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Home > Press > IDTechEx Announces Printed Electronics and Photovoltaics USA

Abstract:
IDTechEx's sixth annual Printed Electronics and Photovoltaics USA conference and trade show, on December 2-3, 2009 in San Jose, California, will cover all the applications, technologies and opportunities in the field of printed electronics and photovoltaics. The event is said to have over 100 world class speakers.

IDTechEx Announces Printed Electronics and Photovoltaics USA

San Jose, CA | Posted on August 19th, 2009

Also for first the time, IDTechEx will have a session dedicated to the rapidly growing topics of carbon nanotubes (CNTs) and graphene for electronics applications, with key companies and research institutes presenting their work:

* Dr. David Brown, CEO of Canatu, a spin-off from the Helsinki University of Technology (TKK) will speak about graphene and carbon nanotubes, especially key innovations and their commercialization as transparent electrodes, semiconductors, resistors, capacitors and saturable absorbers in the display, solar, touchscreen and laser markets. Their patterned transparent conductive films are suitable for replacing ITO in LCDs, OLED displays, thin film solar cells, etc.

* One of the research areas at Stanford University is CNT-based Macro and Nanoelectronics with projects on the understanding of fundamental CNT science as well as fabrication and optimization of large-area film transistors from purified CNTs, self-assembly and patterning. Yi Cui, Assistant Professor of materials science and engineering at Stanford University will talk about research on low cost printed supercapacitors, printed nanotube current collectors for batteries and stretchable, flexible and wearable nanotube energy storage devices.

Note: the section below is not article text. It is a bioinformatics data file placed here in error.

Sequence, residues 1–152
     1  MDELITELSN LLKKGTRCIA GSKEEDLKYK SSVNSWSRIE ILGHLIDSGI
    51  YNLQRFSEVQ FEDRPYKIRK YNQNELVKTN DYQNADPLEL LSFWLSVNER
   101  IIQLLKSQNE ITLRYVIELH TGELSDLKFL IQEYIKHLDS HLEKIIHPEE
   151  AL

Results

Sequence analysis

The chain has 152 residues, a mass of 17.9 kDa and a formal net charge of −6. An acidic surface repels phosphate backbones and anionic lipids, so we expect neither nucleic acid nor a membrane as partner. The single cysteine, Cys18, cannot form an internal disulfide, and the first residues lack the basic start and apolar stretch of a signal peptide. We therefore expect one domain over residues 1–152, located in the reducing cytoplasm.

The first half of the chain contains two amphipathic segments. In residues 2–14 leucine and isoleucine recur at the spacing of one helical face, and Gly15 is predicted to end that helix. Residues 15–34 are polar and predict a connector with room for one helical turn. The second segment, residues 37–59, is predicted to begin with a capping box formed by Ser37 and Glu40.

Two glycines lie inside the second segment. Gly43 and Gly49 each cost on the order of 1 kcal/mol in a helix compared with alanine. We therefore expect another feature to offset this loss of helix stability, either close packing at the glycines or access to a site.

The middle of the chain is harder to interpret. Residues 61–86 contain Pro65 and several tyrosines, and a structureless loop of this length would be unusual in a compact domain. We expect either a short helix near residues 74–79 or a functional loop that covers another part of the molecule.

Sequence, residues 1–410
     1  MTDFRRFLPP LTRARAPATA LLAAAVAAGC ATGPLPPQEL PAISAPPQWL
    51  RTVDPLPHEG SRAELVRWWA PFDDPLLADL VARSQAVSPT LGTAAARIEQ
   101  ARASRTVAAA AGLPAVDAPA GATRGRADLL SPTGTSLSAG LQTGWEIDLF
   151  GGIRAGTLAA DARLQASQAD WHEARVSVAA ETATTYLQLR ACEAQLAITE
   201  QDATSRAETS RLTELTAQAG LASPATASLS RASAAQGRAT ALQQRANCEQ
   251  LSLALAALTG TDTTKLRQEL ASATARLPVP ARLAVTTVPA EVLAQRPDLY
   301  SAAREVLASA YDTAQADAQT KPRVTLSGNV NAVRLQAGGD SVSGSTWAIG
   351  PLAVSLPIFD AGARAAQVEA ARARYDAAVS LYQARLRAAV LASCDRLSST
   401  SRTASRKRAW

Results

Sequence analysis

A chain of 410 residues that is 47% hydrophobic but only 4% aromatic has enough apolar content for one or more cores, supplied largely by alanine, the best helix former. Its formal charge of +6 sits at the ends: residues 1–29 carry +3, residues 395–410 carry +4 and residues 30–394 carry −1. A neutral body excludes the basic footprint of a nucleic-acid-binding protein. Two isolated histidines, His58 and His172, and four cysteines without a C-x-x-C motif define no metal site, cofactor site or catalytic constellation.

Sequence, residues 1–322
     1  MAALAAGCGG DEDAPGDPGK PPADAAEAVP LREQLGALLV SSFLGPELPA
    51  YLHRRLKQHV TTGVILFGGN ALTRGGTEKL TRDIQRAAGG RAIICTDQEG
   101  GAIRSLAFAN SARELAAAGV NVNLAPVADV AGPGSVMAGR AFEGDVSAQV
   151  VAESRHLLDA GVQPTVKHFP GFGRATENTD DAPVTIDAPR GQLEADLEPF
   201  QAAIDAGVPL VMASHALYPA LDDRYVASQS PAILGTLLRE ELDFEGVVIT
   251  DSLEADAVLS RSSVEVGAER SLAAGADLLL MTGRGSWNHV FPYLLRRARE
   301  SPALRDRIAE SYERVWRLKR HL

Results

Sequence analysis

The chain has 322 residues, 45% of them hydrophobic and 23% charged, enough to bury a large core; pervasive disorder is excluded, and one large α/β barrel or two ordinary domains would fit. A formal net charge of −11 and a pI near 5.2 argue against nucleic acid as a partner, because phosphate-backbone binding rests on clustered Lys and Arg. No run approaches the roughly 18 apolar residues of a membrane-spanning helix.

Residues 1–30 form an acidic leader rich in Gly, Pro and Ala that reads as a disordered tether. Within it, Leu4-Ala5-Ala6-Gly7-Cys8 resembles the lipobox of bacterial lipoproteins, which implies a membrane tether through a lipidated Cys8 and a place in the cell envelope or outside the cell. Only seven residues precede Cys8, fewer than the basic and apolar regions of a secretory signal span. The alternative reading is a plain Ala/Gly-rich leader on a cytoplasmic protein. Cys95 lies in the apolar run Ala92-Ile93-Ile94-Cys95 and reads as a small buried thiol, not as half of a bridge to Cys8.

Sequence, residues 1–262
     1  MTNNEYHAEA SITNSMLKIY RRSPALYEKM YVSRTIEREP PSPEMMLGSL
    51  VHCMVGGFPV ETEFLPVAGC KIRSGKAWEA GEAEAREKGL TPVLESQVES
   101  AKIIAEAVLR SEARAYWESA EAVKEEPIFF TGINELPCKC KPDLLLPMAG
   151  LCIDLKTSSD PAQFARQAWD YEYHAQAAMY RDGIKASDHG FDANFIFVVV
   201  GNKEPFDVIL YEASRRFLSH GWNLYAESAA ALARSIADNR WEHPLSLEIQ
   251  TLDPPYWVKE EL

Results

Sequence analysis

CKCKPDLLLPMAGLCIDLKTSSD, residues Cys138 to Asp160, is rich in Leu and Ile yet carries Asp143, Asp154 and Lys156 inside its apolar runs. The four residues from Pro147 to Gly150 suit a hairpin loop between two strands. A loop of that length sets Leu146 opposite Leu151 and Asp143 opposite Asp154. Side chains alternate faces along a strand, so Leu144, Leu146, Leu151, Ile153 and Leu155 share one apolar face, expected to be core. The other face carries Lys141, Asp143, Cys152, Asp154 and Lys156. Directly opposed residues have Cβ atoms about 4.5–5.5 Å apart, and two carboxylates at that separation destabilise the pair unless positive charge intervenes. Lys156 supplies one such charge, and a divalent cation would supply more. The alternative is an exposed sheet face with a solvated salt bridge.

* Sohrab Kianian, VP of Business Development at Nantero Inc., a nanotechnology company, will give an insight into their development of carbon nanotube memory and electronics. Their high-density nanotube-based non-volatile random access memory (NRAM) device is fabricated incorporating suspended, single or multi-walled CNTs. The company is confident that the logic gates can be integrated with CMOS (Complementary Metal Oxide Semiconductor) technology.

* Professor Yang Yang, a professor of materials science and engineering at UCLA, will present their findings with hybrid graphene-carbon nanotube material (G-CNT). The researchers developed a single-step to fabricate G-CNTs in an easy, inexpensive and scalable method. The transparent conductors show great potential to be a high-performance alternative to ITO.

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